In the June 11, 2019 Ask The Headhunter Newsletter a reader questions using a personal marketing plan and the power of an executive coach.
I hired an executive coach with whom I’ve spent many hours developing a personal “strategic marketing plan.” But I have failed to meet the deadlines for some of the objectives we came up with. So, I have cut off working with this coach. I am not so quick to blame the coach. It may be a matter of my own preparedness. I’ve learned a lot, but I wonder now if this personal strategic marketing plan has not taken over my daily calendar and my life. Have I made a misguided plan, or am I just not an adequate strategist? What is your view on coaches and this general approach to planning — written goal, objectives, strategies, tactics?
It can be useful to develop a detailed plan for yourself, and it is certainly a lot of work if you pursue it with care. I believe in careful thought, preparation and planning in life. But when I hear, well, marketing phrases like “personal strategic marketing plan,” I cringe.
Coaches & plans
There are good coaches out there who can help you, but when you hire any kind of coach — a career coach, a psychological therapist, or even an accountant (they’re all coaches of a sort) — you’re subjecting yourself to the coach’s philosophy. That means you must judge the fit. If your philosophies don’t mesh well, you could be headed for serious trouble.
However, you may also be falling for a marketing pitch yourself, and for a pricey bundle of hoopla that’s more fluff than substance. (There is an ugly under-belly to the coaching industry that you should be aware of: “Executive Career Management” scams.)
Assuming it stems from a legit coaching program, any detailed plan will nonetheless encounter obstacles, and some of them can be fatal. On the other hand, some important and satisfying milestones can be achieved along the way. But must a person achieve every milestone defined in a plan? Further, does failure to meet the plan’s deadlines suggest the person is doing something wrong?
Planning & living
This is where I part company with dogmatic coaches who impose rigorous planning and schedules on their clients. Life can turn into a series of bets on the plan. Rather than being instructive, the inevitable failures can be debilitating. Worse, as you note, this planning process can become a lifestyle in itself and distract you from real life. This can make your plan an albatross.
There is a line in a John Lennon song (though he may have borrowed it from cartoonist Allen Saunders): “Life is what happens to you while you’re busy making other plans.”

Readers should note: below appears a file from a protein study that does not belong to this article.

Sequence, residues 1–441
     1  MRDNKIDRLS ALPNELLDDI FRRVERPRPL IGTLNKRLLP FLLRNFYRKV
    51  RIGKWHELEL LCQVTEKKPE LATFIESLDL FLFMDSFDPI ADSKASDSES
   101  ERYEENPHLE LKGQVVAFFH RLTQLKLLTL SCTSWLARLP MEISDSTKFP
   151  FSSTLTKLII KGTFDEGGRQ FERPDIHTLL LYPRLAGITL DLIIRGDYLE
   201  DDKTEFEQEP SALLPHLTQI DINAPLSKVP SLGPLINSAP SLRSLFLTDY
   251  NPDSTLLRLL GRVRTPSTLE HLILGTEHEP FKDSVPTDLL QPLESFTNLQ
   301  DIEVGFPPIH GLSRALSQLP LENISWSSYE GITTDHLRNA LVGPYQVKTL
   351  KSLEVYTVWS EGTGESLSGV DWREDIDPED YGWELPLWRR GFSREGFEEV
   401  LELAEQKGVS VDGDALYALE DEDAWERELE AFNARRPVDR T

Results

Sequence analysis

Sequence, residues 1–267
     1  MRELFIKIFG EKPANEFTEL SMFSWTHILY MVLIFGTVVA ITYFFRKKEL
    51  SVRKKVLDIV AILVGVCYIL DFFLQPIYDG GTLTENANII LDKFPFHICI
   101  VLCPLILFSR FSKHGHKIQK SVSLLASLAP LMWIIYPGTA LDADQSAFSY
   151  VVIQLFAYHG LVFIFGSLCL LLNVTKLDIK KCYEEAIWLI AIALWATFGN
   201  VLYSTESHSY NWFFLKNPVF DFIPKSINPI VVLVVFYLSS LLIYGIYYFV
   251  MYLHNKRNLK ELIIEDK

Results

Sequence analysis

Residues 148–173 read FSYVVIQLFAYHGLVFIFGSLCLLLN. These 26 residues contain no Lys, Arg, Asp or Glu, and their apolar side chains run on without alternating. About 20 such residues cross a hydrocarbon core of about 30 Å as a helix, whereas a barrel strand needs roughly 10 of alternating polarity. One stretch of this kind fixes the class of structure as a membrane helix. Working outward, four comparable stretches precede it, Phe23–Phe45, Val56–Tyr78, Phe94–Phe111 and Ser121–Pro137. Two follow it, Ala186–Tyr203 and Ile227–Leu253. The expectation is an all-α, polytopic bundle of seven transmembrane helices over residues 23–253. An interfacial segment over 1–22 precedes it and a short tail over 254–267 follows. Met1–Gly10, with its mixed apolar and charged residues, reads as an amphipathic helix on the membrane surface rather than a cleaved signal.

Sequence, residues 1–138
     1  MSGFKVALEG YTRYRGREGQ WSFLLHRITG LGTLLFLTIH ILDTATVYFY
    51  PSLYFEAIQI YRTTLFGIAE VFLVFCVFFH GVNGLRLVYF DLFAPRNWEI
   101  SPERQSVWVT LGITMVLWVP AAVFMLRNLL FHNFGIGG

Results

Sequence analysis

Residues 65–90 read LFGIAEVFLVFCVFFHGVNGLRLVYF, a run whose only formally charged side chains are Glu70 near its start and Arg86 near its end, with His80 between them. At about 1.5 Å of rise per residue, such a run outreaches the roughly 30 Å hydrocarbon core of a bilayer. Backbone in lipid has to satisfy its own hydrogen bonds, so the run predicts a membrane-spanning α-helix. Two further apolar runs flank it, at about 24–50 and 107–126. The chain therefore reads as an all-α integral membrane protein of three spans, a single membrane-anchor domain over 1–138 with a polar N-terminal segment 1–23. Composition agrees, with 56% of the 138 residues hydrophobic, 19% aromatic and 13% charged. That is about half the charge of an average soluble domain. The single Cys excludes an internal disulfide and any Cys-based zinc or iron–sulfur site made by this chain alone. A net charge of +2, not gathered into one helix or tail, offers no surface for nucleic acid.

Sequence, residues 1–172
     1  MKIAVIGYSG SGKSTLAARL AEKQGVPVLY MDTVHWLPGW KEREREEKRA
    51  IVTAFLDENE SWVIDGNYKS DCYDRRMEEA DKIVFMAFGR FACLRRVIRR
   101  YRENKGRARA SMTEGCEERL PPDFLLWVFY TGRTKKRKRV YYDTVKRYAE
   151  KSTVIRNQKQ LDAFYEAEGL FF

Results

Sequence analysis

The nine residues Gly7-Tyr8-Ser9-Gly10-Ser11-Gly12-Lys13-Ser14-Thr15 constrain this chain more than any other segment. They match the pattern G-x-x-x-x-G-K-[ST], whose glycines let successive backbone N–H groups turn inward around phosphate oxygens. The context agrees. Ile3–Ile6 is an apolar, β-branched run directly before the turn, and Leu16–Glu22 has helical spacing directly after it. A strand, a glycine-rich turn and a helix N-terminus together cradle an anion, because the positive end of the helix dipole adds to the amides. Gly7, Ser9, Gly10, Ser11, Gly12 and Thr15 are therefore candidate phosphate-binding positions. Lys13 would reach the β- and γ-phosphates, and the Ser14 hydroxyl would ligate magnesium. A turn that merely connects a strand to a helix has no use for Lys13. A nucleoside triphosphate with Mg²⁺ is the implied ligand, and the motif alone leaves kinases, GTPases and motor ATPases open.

I try to remind myself that at any moment, in any day, I may have to drop my plans, because something more compelling confronts me and I have to deal with it — like it or not.
I think planning is a good thing because, as you point out, you can learn a lot from the process. But planning is an idea. It’s not real life.
Coping vs. planning
In a short, potent book called Management of the Absurd, Richard Farson suggests that there is no such thing as planning — only coping. He says that coping is far more important a skill than planning. Why? Because the world keeps coming at us in unexpected ways. Planning implies controlling the world around us. Coping — to Farson and to me — implies changing ourselves to effectively meet the challenges of what the world throws at us.
The planner can be left destroyed by the unexpected. But the coper can ride any wave, to one extent or another, and survive or even flourish.
Plan as best you can, but be ready to cope with all the wonder, pain, disaster, and opportunity that life throws at you. That’s where life is — on the edge of change, in the way we deal with everything we encounter, and in the ways it changes us.
Kill the Buddha
Please don’t surmise that I believe coaching or getting coached is a bad thing. But you hired the coach, and only you can fire the coach. The coach might have been wonderful, and now it may be time to stop working together. It may be time for you to cope with your coach.
Remember what the guru told the pilgrim who was searching for the Buddha. The pilgrim wanted to know, “When I find the Buddha, what should I ask him?”
The guru replied, “If you meet the Buddha on the road, kill him.”
Hmmm. The bookend to John Lennon’s quote may be the title of a (very good) Van Morrison album: No Guru, No Method, No Teacher. Could it be that at the end of every path you choose, the best answers must come from within yourself? Should you kill the Buddha? Don’t ask me.
Have you used an executive or career coach? What was your experience? What advice would you give this reader — and others — about coaching services? Do you believe in planning, or in coping?